Jacksonville Zoo and Gardens is celebrating the hatching of two Eastern Indigo Snakes. The hatchlings emerged on July 10 and 11, and they mark the first time the Zoo hatched this vulnerable species since 1997.
The species is listed as “Threatened” under the Endangered Species Act, and population numbers are decreasing rapidly in its native range of the southeastern United States due to habitat loss.
Jacksonville Zoo and Gardens recognized the importance of increasing the population of Eastern Indigo Snakes, and in 2012 received a pair with a breeding recommendation. The snakes recently reached sexual maturity and the female laid her first clutch. Eastern Indigos, while nonvenomous, can be both territorial and voracious eaters, so the breeding pair was only together for a brief time.
According to the Zoo’s Deputy Director for Animal Care & Conservation, Dan Maloney, “We are very proud and excited to welcome such significant new additions to the Jacksonville Zoo and Gardens family. Six years ago, we acquired young snakes in hopes that they would be future parents. To finally have healthy hatchlings is extremely satisfying and lays the foundation for a successful, sustainable breeding program.”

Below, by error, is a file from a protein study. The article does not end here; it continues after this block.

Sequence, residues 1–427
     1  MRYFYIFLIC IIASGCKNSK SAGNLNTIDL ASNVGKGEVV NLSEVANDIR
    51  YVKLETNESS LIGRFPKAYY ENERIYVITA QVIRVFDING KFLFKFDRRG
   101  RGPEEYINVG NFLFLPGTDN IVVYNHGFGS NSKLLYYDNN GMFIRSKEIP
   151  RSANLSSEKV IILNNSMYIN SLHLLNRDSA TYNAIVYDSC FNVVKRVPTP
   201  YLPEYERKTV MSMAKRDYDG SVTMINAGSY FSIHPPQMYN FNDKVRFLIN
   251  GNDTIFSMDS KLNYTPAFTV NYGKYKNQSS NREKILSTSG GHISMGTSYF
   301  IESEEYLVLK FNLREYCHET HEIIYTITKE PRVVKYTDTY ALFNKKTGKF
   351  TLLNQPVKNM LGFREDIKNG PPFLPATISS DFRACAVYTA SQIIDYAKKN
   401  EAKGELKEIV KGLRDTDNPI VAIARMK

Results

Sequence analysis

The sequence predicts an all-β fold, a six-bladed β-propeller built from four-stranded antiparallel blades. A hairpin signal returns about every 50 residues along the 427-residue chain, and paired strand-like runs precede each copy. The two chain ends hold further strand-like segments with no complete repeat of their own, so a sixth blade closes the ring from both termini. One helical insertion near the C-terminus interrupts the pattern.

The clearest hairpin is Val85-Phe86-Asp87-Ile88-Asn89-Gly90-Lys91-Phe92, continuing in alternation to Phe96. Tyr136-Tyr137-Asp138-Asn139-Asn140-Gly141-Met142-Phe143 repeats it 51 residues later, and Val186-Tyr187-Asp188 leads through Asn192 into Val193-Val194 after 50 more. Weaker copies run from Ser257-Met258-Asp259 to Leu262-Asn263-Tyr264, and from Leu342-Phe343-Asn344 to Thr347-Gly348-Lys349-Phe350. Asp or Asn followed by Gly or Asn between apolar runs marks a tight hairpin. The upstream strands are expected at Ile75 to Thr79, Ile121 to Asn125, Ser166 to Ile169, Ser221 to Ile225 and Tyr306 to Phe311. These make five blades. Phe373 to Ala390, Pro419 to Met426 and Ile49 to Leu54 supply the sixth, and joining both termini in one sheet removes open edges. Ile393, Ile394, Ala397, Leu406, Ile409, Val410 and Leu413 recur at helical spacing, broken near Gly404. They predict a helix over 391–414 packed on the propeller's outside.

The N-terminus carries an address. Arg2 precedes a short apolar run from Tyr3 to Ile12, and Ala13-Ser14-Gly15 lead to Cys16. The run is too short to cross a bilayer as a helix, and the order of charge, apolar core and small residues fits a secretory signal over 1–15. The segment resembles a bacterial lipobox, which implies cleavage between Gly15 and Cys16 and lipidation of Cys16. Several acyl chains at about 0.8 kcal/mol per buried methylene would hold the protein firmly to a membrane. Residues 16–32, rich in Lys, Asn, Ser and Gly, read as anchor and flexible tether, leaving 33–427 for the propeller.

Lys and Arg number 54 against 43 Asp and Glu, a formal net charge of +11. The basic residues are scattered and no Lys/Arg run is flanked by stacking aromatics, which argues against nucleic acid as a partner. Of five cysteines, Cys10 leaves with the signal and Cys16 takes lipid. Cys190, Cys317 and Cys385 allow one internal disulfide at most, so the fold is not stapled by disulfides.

The two hatchlings emerged from their 4-inch eggs after a 100-day incubation. They are 13-inches long now but will quickly grow into the longest native snake species in the United States.
Eastern Indigo Snakes are a top predator and have a wildly varied diet consisting of everything from small mammals, birds, and amphibians, all the way up to one of their favorite prey items, Eastern Diamond Rattlesnakes.
The decline of rattlesnake and Gopher Tortoise populations is contributing to the rapid decline in Eastern Indigo Snakes. Gopher Tortoise burrows serve as an important shelter for the snakes in winter months. These three threatened animals are linked by their habits and habitats, and their decline helps highlight the importance of keystone species to entire ecosystems.
The Zoo hopes that the new hatchlings can serve as ambassadors for local conservation efforts and reinforce our message of Living Well With Wildlife.
The mother of the two hatchlings can be viewed in the Wild Florida herpetology house. She shares her enclosure with a Box Turtle and a three-legged, rescued Gopher Tortoise.